BUN

Maybe eating too much meat is stressful on the kidneys after all?

Let’s look at thyroid:

thyroid

Seems sort of unrelated to sugar intake, actually, and more related to environmental stress. When I had the labs drawn in 12/2013 I was experimenting with resistant starch.  I think that was stressful on my body – I know it was stressful on my emotional state. So that may account for the increase in TSH last December.  I know TSH isn’t the ideal measure for thyroid function, according to many people…but Peat seems to think it’s a decent gross measure, so good enough.

And of great importance to me is my blood sugar.  Let’s see the data:

blood sugar

This is a crazy graph, right?  There was definitely an increase in fasting blood sugar when I started following Peat and adding carbohydrates to my diet, but that’s to be expected.  Anyone can have “well managed diabetes” with a low carb diet.  I wanted to actually FIX my diabetes, so I was experimenting with adding carbs back in to see what it would take to do that.  From the graph it looks like the best things I did for my blood sugar were bicycle for 30 minutes a day and eat a low-fat diet.

Holy crap!  Just like my conventional doctor told me!  Exercise and eat a low fat diet!

hahaha

It does seem my current supplements are confounding things.  The graph shows that eating a low-fat high sugar diet results in lower fasting blood sugar…but not if I add niacinamide, aspirin, and increase thyroid.  Hm…interesting.  If I was a patient person, and if I really loved sweet food, I’d probably just eliminate the supplements I’m taking and go back to high-sugar/low fat for a while to see if that trend continues.

I’m neither patient nor in love with sugar.

And considering that I’m STILL having hot flashes – even while sitting right here, right now, I’m going to stop taking niacinamide, aspirin, and thyroid.  One of them is bothering me.  Later on I may try to add them in one at a time and see what I can tolerate.

So to sum up: It looks like the best thing for my lipids is low-carb.  The best thing for my BUN/Creatinine is low meat.  The best thing for my thyroid is low-stress.  The best thing for my blood sugar is low fat and bicycling 30min a day on flat terrain.  The best thing for my enjoyment of life – to not have to eat so much sugar.  I really don’t look forward to it.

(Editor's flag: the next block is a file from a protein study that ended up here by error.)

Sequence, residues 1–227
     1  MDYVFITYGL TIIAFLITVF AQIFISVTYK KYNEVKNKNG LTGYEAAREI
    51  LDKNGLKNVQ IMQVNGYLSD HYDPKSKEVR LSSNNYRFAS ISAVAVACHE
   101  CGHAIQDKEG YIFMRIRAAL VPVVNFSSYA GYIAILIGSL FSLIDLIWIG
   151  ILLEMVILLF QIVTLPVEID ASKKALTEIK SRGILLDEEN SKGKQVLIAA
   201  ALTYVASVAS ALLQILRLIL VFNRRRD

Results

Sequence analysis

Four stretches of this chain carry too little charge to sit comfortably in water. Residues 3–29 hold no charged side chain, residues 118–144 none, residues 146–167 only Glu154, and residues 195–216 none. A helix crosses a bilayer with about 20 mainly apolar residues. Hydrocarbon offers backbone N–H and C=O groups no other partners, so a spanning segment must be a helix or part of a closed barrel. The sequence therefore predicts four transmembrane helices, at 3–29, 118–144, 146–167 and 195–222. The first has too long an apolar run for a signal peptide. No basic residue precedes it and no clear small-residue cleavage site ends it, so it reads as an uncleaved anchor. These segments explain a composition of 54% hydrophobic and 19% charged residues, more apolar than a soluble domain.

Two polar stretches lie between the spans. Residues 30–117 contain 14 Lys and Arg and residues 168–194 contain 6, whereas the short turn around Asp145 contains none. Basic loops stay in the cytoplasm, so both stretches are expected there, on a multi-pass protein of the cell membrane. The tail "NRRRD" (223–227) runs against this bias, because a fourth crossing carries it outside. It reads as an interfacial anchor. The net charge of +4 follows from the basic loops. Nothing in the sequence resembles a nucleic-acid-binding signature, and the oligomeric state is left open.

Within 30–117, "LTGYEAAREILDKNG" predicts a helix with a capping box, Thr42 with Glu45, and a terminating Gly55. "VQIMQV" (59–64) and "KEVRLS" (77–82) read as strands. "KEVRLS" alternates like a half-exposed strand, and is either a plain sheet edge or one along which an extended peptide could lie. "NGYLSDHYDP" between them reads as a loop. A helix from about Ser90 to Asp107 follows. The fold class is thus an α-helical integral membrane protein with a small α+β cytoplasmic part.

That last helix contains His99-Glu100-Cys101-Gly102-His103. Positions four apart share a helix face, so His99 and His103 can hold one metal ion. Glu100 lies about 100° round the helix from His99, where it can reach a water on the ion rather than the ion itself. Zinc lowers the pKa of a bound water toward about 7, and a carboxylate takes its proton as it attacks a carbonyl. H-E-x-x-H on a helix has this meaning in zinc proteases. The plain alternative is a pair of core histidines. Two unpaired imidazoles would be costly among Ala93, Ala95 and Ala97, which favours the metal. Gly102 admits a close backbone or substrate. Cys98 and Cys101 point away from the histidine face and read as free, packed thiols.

So what kind of diet is low-carb, low-meat, low-fat, and lower-sugar?  Maybe one with dairy (mostly low-fat), some lean meat, lots of vegetables, some fruit (when I feel like it).  Plus avoid stress and get exercise.

I still love Ray Peat – he gave me progesterone, Vitamin E, red lights, liver, vitamin K, dairy, raw carrots, and taught me that estrogen, PUFAs and serotonin are bad guys.  I’m continuing on with much of what he has to say.  Just less sugar.  More vegetables.  More exercise.

I might as well retire the blog.  I have nothing original to say anymore.

So there it is.  That’s my new plan.

High Carb Low Fat (HCLF) – Day 2

My stats for today:

crono2

Did better today keeping meat consumption (and thus phosphorous) low.  Calcium:Phosphorous ratio today was just under 1:1 (2095mg cal, 2161mg phos).  Had almost a 3:1 carb to protein ratio – that’s a first for me.  I’m struggling a little to eat enough sugar – I just don’t gravitate toward it the way I do to salt and meat.  I realize that marshmallows aren’t ideal food, given that white sugar contains no nutrients other than, well, sugar for energy.  It’s an easy food to take with me when I go out though, and it’s a nice combo of carbohydrates and gelatin with almost no fat.  Fat was a little higher than ideal today at 23% of total calories consumed, but still pretty low.

HSLFDE – Day 5 (Updated)

Blood sugar this morning was 117.  That’s the 3rd day in a row with a fasting blood sugar under 120.  The last time I had 3 days under 120 was November – 5 months ago – when I was still essentially eating low-carb and cortisol was getting me through the day (poorly).  I do think that eating very little in the way of carbs late in the day yesterday led to increased stress hormones overnight, and thus a rise in sugar level today.  But still.  Under 120.

Update 10:11PM:

Cronometer had this to say about today:

  • Calories: 1507
  • Protein: 141.2g (39.5%)
  • Carbs: 138.1g (35%)
  • Fat:43.5g (25.5%)

My GI system is still a mess so I really just ate what sounded good.  Still low fat though.  Just not as many carbs or calories as I’d normally eat.

On another note – Here’s a site worth checking out if you’re looking to lose weight…and the information is free. Sean Bissell participates in one of the Ray Peat Facebook groups and may have cracked the weight loss code that we’re all looking for.  I may be trying out his system after the current experiment.

Reconsidering Low Fat

I emailed Ray Peat yesterday to get his opinion about my “Does-saturated-fat-cause-high-blood-sugar?” experiment.  I asked him if it was indeed the case that too much saturated fat in one’s diet could cause impaired cellular glucose uptake.  I’ve never written to him before, and felt nervous about doing so.  I felt like a kid writing to John Lennon or something.  He wrote back in about 20 minutes and said: